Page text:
I don’t envy parents today. Not only do they have to keep the kids safe outside the house, they have to keep them safe on the internet, too. When the on-ramp to the information highway first opened, my kids weren’t all that interested. They were of the generation that still played street hockey in front of the house or basketball on the neighbor’s driveway. The only way you learned someone else’s business was through good, old fashioned, gossip. And that was usually done through a series of phone calls or sugar borrowing.
When we first got our Gateway behemoth computer, it was used mostly for making sign signs that read No Girls Allowed or Top Secret – Stay Out! (this means you Meghan). The kids were more interested in the clip art to use on their science projects than anything the information highway had to offer. Social networking was done at Boy Scouts or on the ball field. The girls had a “chat room”, it was called cheerleading practice.
It’s different now. I hear other mothers talking about when to let their daughters have a Face Book page or the need for their eight year old to have a cell phone, so they can stay in touch. When my kids were eight years old, they weren’t allowed off the driveway without me, so we pretty much stayed in touch. Where does an eight year old go that they would need to call home to check in? I’m just askin.
I’m thankful that at the time, my tweens only had AOL instant messaging. I will admit to a bit of naiveté when it came to who they might be chatting with. I had to learn quickly. It wasn’t too hard to monitor, since only a handful of their friends even had internet. Oh, and there was the whole sharing the phone line thing. If the Girl couldn’t get her friend online because the mom was on the phone, she had to just get up and walk next door to do her gossiping. Parents are much more savvy today, as they should be. It didn’t take long for the bad guys to figure out how to get information from kids just wanting to talk about who likes who at school.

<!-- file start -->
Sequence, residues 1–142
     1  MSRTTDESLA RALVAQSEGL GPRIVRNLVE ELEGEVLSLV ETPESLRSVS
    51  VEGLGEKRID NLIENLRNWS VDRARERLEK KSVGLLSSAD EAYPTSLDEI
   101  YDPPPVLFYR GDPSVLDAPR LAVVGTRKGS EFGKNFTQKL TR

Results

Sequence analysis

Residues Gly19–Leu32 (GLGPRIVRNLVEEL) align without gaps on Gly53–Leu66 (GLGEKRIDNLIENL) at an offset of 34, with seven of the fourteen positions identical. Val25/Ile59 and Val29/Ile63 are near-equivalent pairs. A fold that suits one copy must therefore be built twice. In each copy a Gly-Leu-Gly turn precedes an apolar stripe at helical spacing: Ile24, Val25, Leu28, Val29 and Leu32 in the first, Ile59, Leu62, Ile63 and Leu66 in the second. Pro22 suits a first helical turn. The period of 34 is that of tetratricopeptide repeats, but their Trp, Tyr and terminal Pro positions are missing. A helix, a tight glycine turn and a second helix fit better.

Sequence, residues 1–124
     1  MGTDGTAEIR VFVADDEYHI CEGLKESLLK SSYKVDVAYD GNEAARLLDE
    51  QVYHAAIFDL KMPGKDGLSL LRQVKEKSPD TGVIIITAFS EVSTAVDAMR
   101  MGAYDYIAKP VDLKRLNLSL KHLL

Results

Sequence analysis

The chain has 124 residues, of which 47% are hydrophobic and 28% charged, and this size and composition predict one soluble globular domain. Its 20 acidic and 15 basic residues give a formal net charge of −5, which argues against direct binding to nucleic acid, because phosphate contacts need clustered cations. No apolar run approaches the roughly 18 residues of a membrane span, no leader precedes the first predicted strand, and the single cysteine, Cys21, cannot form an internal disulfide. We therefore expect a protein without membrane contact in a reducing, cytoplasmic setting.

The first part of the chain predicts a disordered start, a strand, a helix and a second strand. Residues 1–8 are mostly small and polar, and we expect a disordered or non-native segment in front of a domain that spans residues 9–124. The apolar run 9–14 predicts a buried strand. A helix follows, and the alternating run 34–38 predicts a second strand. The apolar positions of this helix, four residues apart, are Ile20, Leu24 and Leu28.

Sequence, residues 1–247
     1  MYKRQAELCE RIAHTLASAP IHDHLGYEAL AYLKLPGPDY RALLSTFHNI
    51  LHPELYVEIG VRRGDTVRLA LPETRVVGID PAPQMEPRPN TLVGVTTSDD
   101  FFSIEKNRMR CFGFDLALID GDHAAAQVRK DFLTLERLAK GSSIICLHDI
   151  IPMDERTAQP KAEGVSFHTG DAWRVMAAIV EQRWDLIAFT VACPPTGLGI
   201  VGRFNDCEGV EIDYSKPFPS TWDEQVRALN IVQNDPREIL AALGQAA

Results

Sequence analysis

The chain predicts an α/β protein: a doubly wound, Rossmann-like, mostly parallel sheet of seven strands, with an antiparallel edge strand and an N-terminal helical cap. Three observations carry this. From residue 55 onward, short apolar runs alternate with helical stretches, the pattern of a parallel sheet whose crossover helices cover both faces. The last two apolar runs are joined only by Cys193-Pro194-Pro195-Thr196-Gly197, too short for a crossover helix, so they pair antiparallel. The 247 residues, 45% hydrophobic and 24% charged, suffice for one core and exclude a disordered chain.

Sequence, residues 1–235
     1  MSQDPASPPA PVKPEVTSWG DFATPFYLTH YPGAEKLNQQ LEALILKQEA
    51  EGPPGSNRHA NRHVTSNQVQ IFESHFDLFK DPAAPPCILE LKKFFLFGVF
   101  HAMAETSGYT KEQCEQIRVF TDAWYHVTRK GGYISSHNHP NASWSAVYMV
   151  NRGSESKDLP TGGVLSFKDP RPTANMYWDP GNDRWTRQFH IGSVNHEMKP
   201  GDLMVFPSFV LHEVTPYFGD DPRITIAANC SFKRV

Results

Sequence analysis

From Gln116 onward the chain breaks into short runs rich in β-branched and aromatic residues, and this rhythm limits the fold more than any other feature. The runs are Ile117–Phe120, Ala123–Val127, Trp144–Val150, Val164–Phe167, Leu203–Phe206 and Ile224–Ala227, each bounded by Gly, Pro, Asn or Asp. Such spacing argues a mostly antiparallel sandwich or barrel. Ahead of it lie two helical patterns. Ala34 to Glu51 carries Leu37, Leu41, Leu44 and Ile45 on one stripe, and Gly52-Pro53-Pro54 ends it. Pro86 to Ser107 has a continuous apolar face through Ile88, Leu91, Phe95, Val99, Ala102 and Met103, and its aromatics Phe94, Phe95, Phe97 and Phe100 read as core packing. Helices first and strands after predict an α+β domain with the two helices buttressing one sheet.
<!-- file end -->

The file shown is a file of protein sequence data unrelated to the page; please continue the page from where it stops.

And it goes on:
My youngest is really the one who grew up with the internet. I’m sure he doesn’t remember life without it. Luckily, he was an outdoorsy kind of kid, too. Remember, he’s the Skater. His social networking was usually done on our driveway where we had a half pipe. The girls would sit along the wall to watch the boys and giggle. No texting involved. If they wanted to know if Mike liked Jane, they would send Lisa over to ask Jeff. That’s how it was done just as recently as 5 years ago.
It wasn’t until the Skater was almost through high school that the whole online social networking thing took off. I have to admit, I’m not as savvy as today’s parents when it comes to teenagers on the internet. I didn’t have to protect my children from the predators that lurk through sites like that. Even as a grown up, I’m learning what to put out there and what to keep private. Other than the fact that I hate housework and spoil my dogs, that’s pretty much all anyone would find out about me.
My kids? Not so much. They are all over the Face Book thing. They have hundreds of friends. It took a while before the Skater accepted my friend request. Sheesh. He’ll friend a dude he met at the skate park but not the woman who gave birth to him? Without drugs?? Finally he did and now, now I get to know all. about. him. Sometimes, I’m not sure I want to know.
Face Book with your kids can be a good thing, I guess. It’s how I learned the Skater has a new girlfriend. He changed his status. Yeah. Oh, and the Marine and his Sunshine? They got a new kitten. I saw it on Face Book. My new grand-cat. The Girl got straight A’s on her report card.
Really, the kids do call from time to time. But I worry about the future and the ease of just putting news out there, one time, on Face Book, for everyone to see and being done with it. When we do talk on the phone, I don’t want to hear, “Didn’t you see that on Face Book? I posted it like three days ago. That’s old news.”
Maybe I’ll post that I won the lottery and wait for the calls to come rolling in.
I guess what I’m trying to say to the parents of today, let your children know that while Face Book is a fun way to stay connected, it doesn’t count toward meaningful conversation, checking in with your parents, or building relationships. I would also remind the kids that the best social networking is still done on the ball field or just playing outside.